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Piotr Pietrus

About Piotr Pietrus

Piotr Pietrus is a Polish-born photographer who has lived in many different countries and is now based in Berlin. Guided by a search for ephemeral flashes in our fast-paced life he’s collecting images, that once combined, create their own narrative; a visual atlas of some sort of magic that is quietly moving just below the surface.

CV

1980 - Jelenia Gora, Poland

Piotr Pietrus is a Polish-born photographer who has lived in many different countries and is now based in Berlin. Guided by a search for ephemeral flashes in our fast-paced life he’s collecting images, that once combined, create their own narrative; a visual atlas of some sort of magic that is quietly moving just below the surface.

CV

1980 - Jelenia Gora, Poland

'When I was a child, I often traveled to the old past in my dreams, to those days, that are gone for good, thus impossible to experience. All that was left was to imagine. As a photographer, I became interested in looking for peculiar wormholes, the parallel worlds, societies, where time and history seemed to be frozen. From this point of view, I explore local territories and find it exciting when the past, fairy tales or myths suddenly come up through the surface of well-known reality.'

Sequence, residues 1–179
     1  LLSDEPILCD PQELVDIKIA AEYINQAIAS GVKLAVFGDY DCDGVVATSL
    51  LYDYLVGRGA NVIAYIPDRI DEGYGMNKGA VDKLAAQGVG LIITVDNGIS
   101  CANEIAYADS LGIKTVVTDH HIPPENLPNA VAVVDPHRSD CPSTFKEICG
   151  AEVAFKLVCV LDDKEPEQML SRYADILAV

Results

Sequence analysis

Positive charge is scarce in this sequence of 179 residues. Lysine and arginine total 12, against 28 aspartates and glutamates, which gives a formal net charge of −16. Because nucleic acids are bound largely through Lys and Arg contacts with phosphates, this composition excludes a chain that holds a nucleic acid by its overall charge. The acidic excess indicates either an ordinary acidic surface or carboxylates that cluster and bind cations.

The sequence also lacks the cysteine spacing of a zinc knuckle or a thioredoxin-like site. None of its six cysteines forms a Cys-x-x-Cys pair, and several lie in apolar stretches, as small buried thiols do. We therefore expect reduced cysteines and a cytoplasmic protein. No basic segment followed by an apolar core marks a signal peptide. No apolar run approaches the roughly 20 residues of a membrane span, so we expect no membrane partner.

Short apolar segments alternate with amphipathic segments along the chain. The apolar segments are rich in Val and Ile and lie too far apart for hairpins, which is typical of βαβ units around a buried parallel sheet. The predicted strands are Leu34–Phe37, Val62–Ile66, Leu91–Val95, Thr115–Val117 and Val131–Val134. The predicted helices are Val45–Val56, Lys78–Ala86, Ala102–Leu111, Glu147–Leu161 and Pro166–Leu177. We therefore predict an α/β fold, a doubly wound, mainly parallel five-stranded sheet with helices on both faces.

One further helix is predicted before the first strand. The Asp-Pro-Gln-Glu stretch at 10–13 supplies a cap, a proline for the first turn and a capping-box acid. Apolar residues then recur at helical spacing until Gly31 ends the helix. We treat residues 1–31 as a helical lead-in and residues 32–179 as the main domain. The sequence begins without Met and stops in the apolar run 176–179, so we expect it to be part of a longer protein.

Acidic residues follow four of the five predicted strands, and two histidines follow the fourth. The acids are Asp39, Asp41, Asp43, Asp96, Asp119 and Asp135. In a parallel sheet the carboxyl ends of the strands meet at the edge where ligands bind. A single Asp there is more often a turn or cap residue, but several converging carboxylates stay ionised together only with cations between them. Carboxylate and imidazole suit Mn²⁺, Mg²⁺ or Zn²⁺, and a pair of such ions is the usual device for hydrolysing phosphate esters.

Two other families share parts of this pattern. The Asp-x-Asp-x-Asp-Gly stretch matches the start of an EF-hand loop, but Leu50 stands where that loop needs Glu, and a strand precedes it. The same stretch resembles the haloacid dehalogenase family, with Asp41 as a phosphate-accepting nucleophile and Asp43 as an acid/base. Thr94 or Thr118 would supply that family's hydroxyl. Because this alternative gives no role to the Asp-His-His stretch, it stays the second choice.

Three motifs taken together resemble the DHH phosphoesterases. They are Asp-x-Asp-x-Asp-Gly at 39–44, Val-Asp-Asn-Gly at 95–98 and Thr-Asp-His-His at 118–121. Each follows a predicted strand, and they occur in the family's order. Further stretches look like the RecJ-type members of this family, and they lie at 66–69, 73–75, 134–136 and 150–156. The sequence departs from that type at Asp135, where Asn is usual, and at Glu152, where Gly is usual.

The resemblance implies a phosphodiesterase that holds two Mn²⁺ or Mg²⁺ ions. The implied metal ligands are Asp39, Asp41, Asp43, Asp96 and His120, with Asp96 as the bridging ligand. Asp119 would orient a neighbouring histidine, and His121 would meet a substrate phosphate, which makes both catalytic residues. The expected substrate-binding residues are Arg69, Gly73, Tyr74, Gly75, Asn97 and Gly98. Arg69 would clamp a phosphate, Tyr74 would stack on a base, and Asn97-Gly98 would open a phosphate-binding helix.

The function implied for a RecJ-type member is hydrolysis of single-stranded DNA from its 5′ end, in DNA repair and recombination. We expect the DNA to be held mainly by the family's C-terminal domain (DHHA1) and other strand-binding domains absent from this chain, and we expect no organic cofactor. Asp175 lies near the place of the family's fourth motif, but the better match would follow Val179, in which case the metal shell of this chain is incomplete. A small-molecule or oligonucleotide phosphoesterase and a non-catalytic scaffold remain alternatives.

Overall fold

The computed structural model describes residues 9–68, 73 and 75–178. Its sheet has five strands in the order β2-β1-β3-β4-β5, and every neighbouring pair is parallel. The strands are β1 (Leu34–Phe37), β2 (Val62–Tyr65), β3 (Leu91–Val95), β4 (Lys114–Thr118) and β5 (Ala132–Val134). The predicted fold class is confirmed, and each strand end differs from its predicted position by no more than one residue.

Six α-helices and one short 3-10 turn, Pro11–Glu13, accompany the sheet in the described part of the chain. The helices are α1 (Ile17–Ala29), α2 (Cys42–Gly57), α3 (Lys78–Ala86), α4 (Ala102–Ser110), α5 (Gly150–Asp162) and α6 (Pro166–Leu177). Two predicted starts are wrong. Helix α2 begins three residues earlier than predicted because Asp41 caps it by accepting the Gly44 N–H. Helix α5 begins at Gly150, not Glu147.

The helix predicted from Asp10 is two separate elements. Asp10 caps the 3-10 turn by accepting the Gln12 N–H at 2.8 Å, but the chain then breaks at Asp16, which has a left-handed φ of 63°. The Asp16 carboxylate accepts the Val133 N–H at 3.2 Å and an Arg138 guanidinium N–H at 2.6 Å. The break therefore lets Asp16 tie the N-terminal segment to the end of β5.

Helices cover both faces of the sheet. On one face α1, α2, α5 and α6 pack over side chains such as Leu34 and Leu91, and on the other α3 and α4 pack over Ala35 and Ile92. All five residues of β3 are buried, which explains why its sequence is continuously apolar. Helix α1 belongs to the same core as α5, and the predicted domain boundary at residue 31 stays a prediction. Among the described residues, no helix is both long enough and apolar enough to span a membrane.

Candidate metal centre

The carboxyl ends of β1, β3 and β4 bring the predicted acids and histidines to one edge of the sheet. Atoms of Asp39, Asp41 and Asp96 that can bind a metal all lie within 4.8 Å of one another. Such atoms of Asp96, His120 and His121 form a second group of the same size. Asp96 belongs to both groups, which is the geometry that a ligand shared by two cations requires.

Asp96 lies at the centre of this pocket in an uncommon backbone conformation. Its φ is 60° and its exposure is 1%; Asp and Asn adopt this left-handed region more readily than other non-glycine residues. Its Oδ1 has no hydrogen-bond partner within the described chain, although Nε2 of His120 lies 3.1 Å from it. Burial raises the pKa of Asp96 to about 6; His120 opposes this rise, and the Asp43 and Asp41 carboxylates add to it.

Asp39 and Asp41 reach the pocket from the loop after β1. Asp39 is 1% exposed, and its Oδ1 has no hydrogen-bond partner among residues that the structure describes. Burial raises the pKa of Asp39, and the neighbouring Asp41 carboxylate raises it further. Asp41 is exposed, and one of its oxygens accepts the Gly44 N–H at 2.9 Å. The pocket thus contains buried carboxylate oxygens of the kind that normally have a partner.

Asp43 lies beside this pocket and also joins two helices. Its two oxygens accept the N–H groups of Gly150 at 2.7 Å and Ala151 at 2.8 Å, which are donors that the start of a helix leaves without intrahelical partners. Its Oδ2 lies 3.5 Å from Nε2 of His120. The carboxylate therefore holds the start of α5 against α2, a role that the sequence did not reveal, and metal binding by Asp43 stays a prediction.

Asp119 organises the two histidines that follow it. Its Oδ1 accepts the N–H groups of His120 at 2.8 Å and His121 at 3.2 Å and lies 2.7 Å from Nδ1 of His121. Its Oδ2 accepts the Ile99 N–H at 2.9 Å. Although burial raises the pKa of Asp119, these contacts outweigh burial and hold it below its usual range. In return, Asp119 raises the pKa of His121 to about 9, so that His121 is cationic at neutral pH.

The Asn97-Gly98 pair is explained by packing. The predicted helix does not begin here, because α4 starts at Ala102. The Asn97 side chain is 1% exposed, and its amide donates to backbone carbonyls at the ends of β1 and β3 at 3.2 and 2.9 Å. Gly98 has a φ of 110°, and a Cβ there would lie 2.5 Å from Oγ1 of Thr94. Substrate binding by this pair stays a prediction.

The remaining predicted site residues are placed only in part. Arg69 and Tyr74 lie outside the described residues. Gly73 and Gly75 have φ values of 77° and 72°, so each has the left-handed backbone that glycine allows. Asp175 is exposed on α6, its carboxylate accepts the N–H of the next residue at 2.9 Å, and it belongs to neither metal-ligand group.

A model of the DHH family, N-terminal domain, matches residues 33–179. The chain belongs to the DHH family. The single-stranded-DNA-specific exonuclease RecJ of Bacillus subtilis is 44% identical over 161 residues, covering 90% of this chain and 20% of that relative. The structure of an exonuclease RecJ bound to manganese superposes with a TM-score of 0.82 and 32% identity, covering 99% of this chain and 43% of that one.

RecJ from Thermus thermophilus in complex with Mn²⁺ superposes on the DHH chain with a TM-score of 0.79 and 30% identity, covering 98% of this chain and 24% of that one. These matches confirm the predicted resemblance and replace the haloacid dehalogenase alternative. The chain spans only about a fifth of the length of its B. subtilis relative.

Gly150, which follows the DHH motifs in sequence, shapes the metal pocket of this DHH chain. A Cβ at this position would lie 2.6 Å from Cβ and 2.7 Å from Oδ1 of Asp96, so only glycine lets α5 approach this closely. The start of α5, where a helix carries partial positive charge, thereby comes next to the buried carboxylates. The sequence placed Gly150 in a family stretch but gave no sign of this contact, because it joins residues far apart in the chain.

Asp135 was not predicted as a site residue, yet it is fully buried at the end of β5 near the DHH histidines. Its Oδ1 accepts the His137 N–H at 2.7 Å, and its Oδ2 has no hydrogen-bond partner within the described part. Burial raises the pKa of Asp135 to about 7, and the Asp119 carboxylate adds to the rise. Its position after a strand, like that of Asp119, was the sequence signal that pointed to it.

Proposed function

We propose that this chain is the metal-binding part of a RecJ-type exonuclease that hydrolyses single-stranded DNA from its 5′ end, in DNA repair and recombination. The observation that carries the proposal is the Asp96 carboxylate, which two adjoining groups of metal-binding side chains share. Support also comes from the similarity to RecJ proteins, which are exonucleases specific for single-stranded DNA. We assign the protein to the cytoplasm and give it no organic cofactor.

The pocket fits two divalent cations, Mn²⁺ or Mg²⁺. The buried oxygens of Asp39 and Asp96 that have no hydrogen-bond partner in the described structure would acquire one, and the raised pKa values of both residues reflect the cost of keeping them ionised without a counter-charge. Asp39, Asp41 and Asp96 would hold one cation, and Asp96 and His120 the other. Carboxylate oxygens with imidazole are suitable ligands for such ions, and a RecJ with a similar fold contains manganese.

About the artist

Fyodor Telkov was born in 1986 in Nizhniy Tagil, Russia, and is now based in Yekaterinburg. He became a member of the Union of Photo Artists of Russia in 2010. Since then he has participated in solo and group exhibitions in China, Malaysia, Spain, Germany, USA and Russia. He has also published the photobooks '36 Views' and 'Alania. Testament. Blood of the Narts'.

Piotr Pietrus

Q. How does ‘Cicha Woda’ speak of the context in which it was created?

A. ‘Cicha Woda’ has naturally evolved through assembling images that speak to me in a certain mode. I am looking for the poetic in everyday situations, such as an apple tree at night covered with a green net to protect its fruit from the birds. An exhausted friend eating ice cream. Or watching my son playing at the shores of a lake during a short travel stop. The context is wide and the editing brings these moments together in order to create its own narrative, its own melody.

Q. How is this project a continuation of your previous work?

A. Alongside my project work I have always been collecting images. Cicha Woda is an edit out of these growing archives. In this way, Cicha Woda is always ongoing, taking twists and turns, going in different directions, silently floating alongside my daily life. The name only reflects a fragment of this river.

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